getBestPamsamMO: Generation of the candidate clustering partition in...

Description Usage Arguments Value Note Author(s) References See Also

View source: R/getBestPamsamMO.R


The HIPAM algorithm starts with one large cluster and, at each level, a given (parent) cluster is partitioned using PAM.

In this version of HIPAM, called $HIPAM_MO$, the number k of (child) clusters is obtained by maximizing the silhouette width (asw). See Vinue et al. (2014) for more details.

The foundation and performance of the HIPAM algorithm is explained in hipamAnthropom.





Data to be clustered.


The maximum number of clusters that any cluster can be divided when searching for the best clustering.


Quantity to measure the degree to which the aggregation is like a min or max operation. See weightsMixtureUB and getDistMatrix.


Option 'MO' for using $HIPAM_MO$.


Constants that define the ah slopes of the distance function in getDistMatrix. Given the five variables considered, this vector is c(23,28,20,25,25). This vector would be different according to the variables considered.


Boolean variable (TRUE or FALSE) to indicate whether to report information on progress.


Other arguments that may be supplied.


A list with the following elements:

medoids: The cluster medoids.

clustering: The clustering partition obtained.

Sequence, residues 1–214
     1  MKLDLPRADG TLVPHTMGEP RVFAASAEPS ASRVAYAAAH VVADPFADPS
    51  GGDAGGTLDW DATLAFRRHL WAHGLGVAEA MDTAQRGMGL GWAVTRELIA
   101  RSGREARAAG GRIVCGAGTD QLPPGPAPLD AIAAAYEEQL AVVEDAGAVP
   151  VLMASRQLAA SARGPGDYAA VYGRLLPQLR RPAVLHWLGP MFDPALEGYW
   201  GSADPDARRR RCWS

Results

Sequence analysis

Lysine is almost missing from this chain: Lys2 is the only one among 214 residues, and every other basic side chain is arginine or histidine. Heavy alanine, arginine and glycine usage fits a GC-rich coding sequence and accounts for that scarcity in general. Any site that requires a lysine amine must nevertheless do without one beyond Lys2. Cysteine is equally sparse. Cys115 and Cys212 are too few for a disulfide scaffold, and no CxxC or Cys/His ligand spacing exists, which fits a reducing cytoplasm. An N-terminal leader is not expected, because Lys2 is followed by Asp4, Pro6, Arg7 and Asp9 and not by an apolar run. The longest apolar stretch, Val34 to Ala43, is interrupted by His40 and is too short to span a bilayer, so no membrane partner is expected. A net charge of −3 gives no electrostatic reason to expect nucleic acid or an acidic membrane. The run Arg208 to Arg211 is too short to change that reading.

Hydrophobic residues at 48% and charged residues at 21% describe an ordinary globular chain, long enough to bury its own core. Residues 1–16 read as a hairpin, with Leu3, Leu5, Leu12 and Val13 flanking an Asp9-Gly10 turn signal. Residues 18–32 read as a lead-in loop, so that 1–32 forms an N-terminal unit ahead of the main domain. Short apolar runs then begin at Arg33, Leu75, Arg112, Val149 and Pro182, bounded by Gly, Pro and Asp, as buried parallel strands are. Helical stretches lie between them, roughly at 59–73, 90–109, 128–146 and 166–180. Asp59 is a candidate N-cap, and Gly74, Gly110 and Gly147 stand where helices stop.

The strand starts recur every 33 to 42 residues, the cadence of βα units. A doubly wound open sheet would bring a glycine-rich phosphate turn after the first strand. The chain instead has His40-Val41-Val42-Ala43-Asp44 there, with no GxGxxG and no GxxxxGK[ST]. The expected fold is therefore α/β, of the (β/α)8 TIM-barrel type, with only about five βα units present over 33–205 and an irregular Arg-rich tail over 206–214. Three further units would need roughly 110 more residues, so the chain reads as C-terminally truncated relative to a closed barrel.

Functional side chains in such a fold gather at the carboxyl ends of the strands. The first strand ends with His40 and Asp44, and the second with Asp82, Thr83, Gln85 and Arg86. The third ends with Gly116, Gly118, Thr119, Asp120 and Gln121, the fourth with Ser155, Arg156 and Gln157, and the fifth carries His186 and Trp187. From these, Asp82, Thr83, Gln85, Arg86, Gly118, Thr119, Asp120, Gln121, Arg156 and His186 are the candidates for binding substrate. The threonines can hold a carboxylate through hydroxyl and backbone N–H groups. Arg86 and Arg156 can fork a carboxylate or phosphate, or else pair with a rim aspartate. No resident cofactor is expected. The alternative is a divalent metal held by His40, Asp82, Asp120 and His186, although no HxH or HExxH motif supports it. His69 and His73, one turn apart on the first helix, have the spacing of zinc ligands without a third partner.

asw: The asw of the clustering.

num.of.clusters: Number of clusters in the final clustering.

info: List that informs about the progress of the clustering algorithm.

profiles: List that contains the asw and sesw (stardard error of the silhouette widths) profiles at each stage of the search.

metric: Dissimilarity used (called 'McCulloch' because the dissimilarity function used is that explained in McCulloch et al. (1998)).


This function belongs to the $HIPAM_MO$ algorithm and it is not solely used. That is why there is no section of examples in this help page. See hipamAnthropom.


This function was originally created by E. Wit et al., and it is available freely on


Vinue, G., Leon, T., Alemany, S., and Ayala, G., (2014). Looking for representative fit models for apparel sizing, Decision Support Systems 57, 22–33.

Wit, E., and McClure, J., (2004). Statistics for Microarrays: Design, Analysis and Inference. John Wiley & Sons, Ltd.

Wit, E., and McClure, J., (2006). Statistics for Microarrays: Inference, Design and Analysis. R package version 0.1.

Pollard, K. S., and van der Laan, M. J., (2002). A method to identify significant clusters in gene expression data. Vol. II of SCI2002 Proceedings, 318–325.

McCulloch, C., Paal, B., and Ashdown, S., (1998). An optimization approach to apparel sizing, Journal of the Operational Research Society 49, 492–499.

See Also


Anthropometry documentation built on Dec. 11, 2021, 9:08 a.m.